By 2014 he was publishing worldwide, both via Papers and his new GreenDialysis.org website.
By 2016, John’s lone preoccupation had gathered steam and had become a dedicated team. First as an informal group of various renal stakeholders, and then in 2017, as a formal working group of the Australian and New Zealand Society of Nephrology (ANZSN). as the Green Nephrology Action Team (GNAT).
After the conference, I contacted the GNAT Chairperson (Dr Katherine Barraclough) and asked to join as a consumer representative: a brief discussion and I was in!
New Logo, New Website
Over 2016 and 2017 the GreenDialysis website had been revamped and updated several times to include information about GNAT and more on various projects and initiatives. However, without a central website plan, people found the website a little approachable and wordy.
After several reviews, it was decided to completely redesign the website and to create a GNAT logo. Since I had just completed the new TravleDialysisReview.com website as a collaborative project with IT students at Swinburne University, I had a rush of blood to the head and volunteered to help create a new GreenDialysis.org.
I contacted the wonderful Sarah Cleveland, Manager of Collaboration and Partnerships at the Swinburne University, and after discussions, the Swinburne Design and ICT Departments agreed to help complete the new Green Dialysis Website project.
Designing the Website
They proposed breaking the project into two parts, with Advanced Diploma of Graphic Design students working on the aesthetics, visuals and graphics during Semester 2 of 2018, then handing over the selected logo and Website design to the ICT students for implementation on the website during Semester 2 of 2019.
Thanks to the excellent Hue Pham, Swinburne Graphic Design teacher and supervisor, all the design work has been completed for the new logo and the new website. They have done a fabulous job – as shown in the exhibition shots, and in more detail on the Voting Page.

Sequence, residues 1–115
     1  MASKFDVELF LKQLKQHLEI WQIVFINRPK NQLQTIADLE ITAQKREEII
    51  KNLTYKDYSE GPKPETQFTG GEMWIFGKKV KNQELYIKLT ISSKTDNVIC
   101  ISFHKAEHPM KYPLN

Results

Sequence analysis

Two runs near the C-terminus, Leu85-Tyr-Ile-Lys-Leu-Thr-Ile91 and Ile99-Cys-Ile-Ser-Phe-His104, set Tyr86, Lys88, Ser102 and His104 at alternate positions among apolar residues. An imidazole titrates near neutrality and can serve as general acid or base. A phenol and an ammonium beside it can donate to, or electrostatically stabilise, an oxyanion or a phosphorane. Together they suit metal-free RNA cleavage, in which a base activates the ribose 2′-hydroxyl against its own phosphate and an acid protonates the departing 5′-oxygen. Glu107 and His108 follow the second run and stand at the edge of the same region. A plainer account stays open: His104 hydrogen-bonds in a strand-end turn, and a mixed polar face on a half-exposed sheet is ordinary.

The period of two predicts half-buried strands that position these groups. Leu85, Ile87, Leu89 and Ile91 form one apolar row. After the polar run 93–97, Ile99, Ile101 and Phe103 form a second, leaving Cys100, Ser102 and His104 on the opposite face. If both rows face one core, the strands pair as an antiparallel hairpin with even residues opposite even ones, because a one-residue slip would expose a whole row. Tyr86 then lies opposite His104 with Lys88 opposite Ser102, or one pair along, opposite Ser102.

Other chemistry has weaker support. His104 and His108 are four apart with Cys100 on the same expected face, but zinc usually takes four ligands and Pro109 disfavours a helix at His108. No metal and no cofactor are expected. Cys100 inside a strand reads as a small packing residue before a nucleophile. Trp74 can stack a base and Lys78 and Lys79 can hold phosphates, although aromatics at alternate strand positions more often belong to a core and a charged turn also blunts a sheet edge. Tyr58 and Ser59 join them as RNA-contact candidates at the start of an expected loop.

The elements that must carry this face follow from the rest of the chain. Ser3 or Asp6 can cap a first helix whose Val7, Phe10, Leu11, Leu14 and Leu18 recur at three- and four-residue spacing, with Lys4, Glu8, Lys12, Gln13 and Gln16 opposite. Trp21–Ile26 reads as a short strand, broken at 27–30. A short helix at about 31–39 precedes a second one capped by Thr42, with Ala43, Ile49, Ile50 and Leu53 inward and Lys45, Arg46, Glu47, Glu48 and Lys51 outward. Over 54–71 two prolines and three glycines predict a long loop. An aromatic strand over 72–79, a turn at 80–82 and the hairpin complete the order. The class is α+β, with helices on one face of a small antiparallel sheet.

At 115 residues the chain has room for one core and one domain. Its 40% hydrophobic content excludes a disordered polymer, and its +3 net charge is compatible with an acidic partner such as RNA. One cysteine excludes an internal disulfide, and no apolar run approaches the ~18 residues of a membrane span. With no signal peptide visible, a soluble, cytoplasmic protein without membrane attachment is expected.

The GNAT Team has voted for what they consider the best logo. They will vote for the best website in January (the best logo and the best website design are selected independently).
Your Vote for the best logo!
Here’s a sneak peek at the new logo designs. I thought you may like to vote for the best too (a Peoples Choice Award!). If so, go to the Voting Page and make your selection. No prizes, just a nice warm feeling.
I look forward to seeing your votes!
The new website design will be selected in early January. Look out for another sneak peek then.
Oops. The voting link doesn’t work properly on some platforms, so you can now also vote directly, below. Cheers!
Over the last six months, we have managed to get out of town occasionally, for one or two days around dialysis.
By around dialysis, I mean that leave for our mini holiday accommodation (usually a hotel about an hour away) straight after dialysis on Wednesday night. We spend the night and have breakfast and a leisurely Thursday morning there, then, around lunchtime, we return for my afternoon dialysis. At the end of dialysis, we go back to the hotel (all in all about a 4 hr round trip). We then spend Thursday night and all of Friday at the hotel (no dialysis Friday) and check out Saturday morning in time for midday dialysis.
Basically, this gives us three nights away, with one (shortish trip) to dialysis in the middle.
Works for us!
A couple of weeks ago we did this to go to a flash hotel in Healesville and had a great break.
I even went for a swim in the pool! I haven’t done that for about five years when we went to Bali. Back then it was a private pool attached to our room, so there was skinny dipping. But not this time. Lots of oldies there in bathrobes: a naked body may have caused a heart attack – and not just mine.
The other thing I enjoyed a lot was the breakfast: free and as many courses as you like. For me, that’s gotta be the best part of the stay.
Naturally, we are always on the lookout for a mini holiday.
But they don’t all turn out as expected.
About six months ago I was invited to speak a renal conference in Bendigo (about two hours north) on the consumer’s viewpoint of dialysis. Julie and I thought about it. It would be a great opportunity for a break: we could go the night before, maybe I even dialyse there and stay another couple of extra nights, for a real getaway. So I said yes.